The tax base in Erie County's largest town is growing again, a year after logging its first decline since World War II.
Harry Williams, town assessor in Amherst, Monday estimated the town's new assessed valuation could be as much as $56 million more than the current figure of $3.94 billion, which is eight-tenths of 1 percent lower than the previous year.
Williams, who spoke at a budget meeting of the Town Board, said the estimate is still preliminary because it doesn't reflect recently increased income levels for senior citizens to qualify for tax exemptions, or the outcome of the annual assessment grievance process.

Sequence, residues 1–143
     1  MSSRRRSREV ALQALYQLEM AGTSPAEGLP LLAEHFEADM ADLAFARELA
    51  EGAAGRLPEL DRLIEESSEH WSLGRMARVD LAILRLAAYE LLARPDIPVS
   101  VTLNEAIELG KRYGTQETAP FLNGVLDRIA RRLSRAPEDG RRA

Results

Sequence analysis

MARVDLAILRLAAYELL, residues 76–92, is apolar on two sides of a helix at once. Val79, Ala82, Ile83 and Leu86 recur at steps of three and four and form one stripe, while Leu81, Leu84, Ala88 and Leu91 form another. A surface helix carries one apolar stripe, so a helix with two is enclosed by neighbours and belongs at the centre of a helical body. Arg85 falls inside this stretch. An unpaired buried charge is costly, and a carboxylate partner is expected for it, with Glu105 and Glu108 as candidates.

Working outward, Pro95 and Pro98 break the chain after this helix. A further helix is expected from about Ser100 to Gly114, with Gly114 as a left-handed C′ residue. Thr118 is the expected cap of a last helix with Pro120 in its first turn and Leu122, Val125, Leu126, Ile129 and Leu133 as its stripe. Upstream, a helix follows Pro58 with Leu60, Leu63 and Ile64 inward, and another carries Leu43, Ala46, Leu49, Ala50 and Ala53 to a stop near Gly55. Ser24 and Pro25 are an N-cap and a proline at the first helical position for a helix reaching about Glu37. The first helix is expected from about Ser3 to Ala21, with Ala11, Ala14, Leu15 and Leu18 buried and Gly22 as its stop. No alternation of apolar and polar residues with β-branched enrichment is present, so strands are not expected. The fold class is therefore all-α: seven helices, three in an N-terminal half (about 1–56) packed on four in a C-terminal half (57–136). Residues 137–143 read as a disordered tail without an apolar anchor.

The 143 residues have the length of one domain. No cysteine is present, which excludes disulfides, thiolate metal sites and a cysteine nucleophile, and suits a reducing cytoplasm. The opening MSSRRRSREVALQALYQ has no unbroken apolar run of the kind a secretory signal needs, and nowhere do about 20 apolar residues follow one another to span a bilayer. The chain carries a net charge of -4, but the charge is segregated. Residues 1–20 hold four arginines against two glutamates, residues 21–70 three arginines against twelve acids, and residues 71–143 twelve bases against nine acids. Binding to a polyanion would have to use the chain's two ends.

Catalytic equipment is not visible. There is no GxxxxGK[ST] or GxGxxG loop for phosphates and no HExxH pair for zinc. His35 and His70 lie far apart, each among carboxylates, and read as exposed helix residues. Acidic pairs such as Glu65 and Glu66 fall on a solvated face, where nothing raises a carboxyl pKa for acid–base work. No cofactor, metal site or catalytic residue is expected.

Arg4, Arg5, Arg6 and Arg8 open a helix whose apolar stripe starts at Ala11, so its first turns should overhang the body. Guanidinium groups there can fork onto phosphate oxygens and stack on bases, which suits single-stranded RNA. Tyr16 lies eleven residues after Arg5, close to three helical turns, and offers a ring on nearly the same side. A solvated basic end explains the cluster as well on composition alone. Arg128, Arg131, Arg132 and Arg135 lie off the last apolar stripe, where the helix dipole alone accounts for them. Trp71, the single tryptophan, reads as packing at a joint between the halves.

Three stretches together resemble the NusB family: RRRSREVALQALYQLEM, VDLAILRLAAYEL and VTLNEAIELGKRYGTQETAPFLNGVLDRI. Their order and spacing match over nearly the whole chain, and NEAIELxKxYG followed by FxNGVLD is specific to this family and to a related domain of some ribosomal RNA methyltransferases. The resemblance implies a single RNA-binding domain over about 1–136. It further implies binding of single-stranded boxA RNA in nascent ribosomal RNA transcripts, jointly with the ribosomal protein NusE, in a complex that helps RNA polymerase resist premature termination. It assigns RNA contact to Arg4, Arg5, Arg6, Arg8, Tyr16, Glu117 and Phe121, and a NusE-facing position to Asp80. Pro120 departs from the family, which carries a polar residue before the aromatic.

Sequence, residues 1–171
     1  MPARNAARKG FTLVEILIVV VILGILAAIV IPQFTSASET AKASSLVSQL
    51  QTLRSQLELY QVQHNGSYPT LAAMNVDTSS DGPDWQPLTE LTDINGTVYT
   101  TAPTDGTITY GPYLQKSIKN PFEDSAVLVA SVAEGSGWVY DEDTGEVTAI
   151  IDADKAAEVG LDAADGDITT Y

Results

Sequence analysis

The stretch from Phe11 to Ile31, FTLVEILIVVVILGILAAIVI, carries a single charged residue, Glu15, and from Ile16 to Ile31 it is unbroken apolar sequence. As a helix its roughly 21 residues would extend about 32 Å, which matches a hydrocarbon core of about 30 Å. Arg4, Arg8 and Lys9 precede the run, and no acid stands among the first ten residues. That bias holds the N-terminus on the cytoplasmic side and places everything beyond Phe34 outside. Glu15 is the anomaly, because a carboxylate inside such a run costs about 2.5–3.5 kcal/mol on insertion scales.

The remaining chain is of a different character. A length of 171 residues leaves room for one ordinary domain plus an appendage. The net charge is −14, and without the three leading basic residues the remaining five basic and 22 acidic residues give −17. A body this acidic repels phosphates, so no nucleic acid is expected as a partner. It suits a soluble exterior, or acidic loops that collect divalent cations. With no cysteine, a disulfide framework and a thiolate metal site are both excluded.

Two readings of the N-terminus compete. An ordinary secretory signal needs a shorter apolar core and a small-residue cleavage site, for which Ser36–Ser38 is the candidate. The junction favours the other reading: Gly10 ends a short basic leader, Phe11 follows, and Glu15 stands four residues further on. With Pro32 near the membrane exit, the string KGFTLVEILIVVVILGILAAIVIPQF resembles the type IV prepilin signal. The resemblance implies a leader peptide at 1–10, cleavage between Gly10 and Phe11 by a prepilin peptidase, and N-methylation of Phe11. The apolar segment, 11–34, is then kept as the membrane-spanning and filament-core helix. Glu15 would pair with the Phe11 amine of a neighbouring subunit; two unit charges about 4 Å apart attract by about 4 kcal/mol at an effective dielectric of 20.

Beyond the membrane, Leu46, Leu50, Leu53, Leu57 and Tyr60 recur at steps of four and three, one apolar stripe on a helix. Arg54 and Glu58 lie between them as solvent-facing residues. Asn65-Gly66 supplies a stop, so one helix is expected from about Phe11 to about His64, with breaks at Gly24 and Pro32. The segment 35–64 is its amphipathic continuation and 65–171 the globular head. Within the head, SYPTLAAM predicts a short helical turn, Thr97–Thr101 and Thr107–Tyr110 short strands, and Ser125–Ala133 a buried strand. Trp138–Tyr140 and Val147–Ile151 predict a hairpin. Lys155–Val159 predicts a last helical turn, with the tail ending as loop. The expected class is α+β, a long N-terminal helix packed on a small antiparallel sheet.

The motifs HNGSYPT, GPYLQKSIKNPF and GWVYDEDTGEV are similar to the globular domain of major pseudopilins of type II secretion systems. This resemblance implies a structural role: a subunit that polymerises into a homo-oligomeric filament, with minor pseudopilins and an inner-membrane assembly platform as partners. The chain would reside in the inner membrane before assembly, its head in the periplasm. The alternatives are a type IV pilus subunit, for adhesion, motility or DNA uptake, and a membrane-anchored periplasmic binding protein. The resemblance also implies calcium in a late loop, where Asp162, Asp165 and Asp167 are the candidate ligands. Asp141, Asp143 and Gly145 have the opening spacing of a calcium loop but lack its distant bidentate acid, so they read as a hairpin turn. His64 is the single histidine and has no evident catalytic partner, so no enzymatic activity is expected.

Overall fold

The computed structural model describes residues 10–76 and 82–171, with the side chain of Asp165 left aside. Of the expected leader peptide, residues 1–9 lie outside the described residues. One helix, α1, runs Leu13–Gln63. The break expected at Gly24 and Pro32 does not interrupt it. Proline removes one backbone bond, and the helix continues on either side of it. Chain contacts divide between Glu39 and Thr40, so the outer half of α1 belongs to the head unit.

But he told The Buffalo News that when all the figures are in, the increase is still anticipated to top $50 million. Williams said the new assessed valuation equates to $250,000 to $300,000 in general operating taxes or, other officials said, 8 to 9 cents per $1,000 of assessed valuation on Amherst's tax rate of $6.10.
Williams credited new construction, utilities and higher assessments on residential and commercial properties that were under-assessed for the increased valuation. However, one of the major trends in last year's decline -- stagnant or decreasing housing values -- hasn't been reversed, he told The News.
Williams' comments, coupled with reports by two other department heads on potential savings next year, prompted Council Member Williamn L. Kindel to forecast the possibility of Amherst's first tax cut in years.
Personnel Director Patrick R. Pujolas said an early-retirement incentive program could save at least $500,000, while Comptroller Charles E. Vanyo outlined a plan offering up to $750,000 in savings.